(Un)explicit Social Criticism – Otto Dix and Political Iconography
University of Hamburg · Art History Seminar · Winter Semester 2018/19
Starting from Otto Dix’s (1891-1969) neo-objective and veristic works of the 1920s, which are still received as popular today, an ostensibly apolitical oeuvre emerged from 1933 onwards, which was far less offensively sociocritical in its pictorial language: instead of numerous war scenarios and sociocritical milieu depictions, landscape depictions, commissioned portraits and, from 1937 onwards, Christian allegorical depictions primarily took their place. In this way, a radical upheaval in artistic development was announced, which began when the Nazi dictatorship came into power and thus points to the reciprocal relationship between socio-political and art-political influences with Dix’s œuvre.
In the seminar, central examples of works from the 1920s to the 1940s are examined to examine motivic, stylistic and iconographic developments. The focus was on both clearly identifiable and ambiguous motifs, which is why political iconography, and thus a leading discipline of the art history department at the University of Hamburg, served as the basis for the study of images.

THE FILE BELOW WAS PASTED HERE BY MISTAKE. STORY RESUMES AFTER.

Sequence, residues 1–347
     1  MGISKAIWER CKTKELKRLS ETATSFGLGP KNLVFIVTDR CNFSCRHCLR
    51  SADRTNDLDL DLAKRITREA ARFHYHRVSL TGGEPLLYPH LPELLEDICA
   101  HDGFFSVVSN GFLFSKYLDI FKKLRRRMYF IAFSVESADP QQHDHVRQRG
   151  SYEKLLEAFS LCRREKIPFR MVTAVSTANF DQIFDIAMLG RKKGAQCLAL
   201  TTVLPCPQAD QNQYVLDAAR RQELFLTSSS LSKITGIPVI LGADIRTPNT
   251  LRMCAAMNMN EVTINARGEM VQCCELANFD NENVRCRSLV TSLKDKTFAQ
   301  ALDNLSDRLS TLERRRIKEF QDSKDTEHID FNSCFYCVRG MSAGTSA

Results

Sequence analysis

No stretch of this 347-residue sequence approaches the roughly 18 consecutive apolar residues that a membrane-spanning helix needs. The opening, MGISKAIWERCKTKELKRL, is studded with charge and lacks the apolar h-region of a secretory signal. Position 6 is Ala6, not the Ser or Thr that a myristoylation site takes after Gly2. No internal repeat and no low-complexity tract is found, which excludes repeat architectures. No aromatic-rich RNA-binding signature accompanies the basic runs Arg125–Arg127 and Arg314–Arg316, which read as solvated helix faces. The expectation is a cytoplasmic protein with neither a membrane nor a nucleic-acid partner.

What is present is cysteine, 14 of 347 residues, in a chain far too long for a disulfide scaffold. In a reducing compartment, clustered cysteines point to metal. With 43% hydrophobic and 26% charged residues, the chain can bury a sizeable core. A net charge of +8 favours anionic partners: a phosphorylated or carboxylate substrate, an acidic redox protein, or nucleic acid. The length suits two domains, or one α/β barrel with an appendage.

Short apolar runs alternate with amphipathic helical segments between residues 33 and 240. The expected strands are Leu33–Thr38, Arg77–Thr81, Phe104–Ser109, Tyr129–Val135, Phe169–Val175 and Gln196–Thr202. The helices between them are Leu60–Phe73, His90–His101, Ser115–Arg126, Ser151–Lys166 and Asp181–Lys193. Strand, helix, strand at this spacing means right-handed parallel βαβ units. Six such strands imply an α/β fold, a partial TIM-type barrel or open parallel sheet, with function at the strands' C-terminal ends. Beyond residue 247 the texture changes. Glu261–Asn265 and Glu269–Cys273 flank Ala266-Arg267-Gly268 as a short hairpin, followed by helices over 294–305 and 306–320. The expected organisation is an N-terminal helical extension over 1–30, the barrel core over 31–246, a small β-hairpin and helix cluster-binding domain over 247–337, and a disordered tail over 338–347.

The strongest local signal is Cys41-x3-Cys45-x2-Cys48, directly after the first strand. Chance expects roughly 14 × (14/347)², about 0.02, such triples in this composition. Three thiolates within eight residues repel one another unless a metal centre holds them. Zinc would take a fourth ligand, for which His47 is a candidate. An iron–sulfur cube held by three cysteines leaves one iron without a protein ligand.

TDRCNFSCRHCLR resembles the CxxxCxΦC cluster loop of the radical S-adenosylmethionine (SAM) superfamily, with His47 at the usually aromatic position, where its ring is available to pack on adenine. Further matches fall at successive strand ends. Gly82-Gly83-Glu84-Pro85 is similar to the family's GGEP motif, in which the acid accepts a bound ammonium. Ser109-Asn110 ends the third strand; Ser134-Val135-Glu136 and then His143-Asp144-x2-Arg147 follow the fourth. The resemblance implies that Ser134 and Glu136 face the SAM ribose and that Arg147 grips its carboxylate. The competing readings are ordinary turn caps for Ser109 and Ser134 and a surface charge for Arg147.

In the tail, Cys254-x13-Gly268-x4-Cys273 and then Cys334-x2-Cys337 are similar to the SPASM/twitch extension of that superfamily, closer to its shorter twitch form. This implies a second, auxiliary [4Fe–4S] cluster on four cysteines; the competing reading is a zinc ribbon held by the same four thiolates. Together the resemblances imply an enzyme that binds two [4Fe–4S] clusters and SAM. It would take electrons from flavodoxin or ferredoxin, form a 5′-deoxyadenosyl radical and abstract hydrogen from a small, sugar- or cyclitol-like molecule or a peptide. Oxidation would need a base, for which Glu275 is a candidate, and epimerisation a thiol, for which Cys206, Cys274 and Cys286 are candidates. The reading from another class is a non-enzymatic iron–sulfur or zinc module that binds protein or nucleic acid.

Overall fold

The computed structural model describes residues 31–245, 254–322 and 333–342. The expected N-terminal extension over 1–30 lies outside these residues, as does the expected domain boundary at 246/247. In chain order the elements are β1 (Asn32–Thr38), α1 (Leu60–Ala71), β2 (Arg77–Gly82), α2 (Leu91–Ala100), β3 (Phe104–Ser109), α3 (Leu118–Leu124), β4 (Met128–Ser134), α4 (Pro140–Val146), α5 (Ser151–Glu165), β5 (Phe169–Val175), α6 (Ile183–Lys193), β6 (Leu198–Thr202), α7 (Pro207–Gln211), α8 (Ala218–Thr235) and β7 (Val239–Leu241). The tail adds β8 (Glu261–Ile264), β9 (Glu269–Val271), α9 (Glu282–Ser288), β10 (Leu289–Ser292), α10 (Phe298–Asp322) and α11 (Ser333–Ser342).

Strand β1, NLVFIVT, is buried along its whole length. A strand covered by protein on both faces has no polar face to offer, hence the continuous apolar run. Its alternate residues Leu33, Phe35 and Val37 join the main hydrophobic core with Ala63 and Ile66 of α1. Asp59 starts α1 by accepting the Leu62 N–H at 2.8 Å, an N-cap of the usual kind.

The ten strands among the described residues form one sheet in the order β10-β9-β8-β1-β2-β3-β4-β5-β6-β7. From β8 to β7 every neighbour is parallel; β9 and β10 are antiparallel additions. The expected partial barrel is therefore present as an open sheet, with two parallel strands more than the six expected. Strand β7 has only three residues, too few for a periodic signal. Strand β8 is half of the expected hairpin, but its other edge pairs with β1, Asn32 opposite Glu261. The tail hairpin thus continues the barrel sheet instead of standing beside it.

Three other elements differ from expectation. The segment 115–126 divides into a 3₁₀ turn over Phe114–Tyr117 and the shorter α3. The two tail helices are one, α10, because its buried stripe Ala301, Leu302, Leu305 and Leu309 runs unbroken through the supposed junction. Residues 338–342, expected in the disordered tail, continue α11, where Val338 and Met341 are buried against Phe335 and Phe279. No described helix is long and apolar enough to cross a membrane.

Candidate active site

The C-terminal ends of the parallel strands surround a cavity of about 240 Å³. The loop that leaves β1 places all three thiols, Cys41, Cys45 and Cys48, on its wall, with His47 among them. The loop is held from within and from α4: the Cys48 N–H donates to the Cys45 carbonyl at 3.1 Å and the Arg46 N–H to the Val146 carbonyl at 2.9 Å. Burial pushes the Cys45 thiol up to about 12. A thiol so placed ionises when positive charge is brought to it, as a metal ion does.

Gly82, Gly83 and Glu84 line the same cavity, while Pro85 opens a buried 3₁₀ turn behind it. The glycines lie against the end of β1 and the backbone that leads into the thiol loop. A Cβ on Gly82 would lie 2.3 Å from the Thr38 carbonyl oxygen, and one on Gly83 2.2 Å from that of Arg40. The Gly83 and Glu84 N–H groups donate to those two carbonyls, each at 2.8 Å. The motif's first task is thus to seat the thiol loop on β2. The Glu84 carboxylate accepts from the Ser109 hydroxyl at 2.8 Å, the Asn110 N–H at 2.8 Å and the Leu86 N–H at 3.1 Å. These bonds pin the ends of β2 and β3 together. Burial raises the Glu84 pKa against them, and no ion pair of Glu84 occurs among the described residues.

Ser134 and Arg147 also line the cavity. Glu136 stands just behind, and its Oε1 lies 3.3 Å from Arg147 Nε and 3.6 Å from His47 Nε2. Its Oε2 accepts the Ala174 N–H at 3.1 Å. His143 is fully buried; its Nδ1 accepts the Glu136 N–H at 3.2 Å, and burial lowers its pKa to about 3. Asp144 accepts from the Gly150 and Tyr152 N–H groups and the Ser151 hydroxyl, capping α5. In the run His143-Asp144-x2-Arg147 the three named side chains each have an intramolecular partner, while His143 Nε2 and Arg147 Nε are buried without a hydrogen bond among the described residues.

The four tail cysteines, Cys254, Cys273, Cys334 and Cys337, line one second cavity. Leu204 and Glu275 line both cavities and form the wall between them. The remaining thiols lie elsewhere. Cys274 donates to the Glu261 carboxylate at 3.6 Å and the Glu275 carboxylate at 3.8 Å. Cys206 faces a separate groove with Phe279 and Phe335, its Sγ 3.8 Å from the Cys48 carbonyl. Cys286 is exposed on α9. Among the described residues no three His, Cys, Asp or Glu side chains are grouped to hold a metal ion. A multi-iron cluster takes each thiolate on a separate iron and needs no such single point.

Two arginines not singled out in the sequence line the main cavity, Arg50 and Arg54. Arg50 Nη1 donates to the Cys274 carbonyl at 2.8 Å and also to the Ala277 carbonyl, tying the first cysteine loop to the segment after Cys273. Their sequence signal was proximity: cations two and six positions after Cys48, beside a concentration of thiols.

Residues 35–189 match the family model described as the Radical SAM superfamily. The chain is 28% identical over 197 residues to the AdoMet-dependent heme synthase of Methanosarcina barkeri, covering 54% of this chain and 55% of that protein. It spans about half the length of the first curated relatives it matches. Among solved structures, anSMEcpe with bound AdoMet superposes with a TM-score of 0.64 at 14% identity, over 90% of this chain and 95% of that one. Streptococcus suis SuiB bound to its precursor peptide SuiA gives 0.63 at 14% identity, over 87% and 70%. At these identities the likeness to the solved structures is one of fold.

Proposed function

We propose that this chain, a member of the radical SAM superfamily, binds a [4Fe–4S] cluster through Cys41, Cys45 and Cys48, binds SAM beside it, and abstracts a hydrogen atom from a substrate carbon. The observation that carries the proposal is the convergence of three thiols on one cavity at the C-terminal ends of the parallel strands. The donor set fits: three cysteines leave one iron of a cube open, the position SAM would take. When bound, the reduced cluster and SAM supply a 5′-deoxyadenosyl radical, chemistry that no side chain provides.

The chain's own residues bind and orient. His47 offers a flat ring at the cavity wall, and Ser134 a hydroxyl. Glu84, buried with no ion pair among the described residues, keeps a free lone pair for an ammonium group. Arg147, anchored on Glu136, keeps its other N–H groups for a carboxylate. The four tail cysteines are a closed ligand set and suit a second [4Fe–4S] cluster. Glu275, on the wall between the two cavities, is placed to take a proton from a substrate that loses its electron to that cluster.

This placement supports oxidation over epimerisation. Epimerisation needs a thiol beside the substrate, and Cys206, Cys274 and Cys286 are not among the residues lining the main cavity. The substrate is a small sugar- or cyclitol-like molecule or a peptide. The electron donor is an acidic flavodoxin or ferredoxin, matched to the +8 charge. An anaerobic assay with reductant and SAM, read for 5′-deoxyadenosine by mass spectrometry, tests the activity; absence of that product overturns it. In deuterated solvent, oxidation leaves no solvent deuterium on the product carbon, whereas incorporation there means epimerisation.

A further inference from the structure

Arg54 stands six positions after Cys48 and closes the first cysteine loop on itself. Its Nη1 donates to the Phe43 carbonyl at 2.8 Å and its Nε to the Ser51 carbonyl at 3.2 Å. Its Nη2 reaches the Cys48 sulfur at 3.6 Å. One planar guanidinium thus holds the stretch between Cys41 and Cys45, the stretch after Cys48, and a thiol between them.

In addition to developing the content of the seminar topic, the participants were introduced to research possibilities and how to deal with primary documents. As part of the iconographic analysis, there were therefore visits to the Warburg House with research exercises on the Index Political Iconography. In addition, the reading of primary sources was part of the seminar. Due to the important holdings of the Hamburger Kunsthalle, seminar sessions were also held on the original in order to practise a differentiated view of work development processes, technical characteristics and refinements in Dix’s works.
Dr. Benjamin Fellmann – Index Political Iconography – Warburg House
Dr. Andreas Stolzenburg – Kupferstichkabinett – Hamburger Kunsthalle
Otto Dix, Bildnis Frau Rosa Eberl, 1940, Öl auf Holz, 103 x 80 cm, Städtische Kunstsammlung Freital, © VG Bild-Kunst, Bonn 2020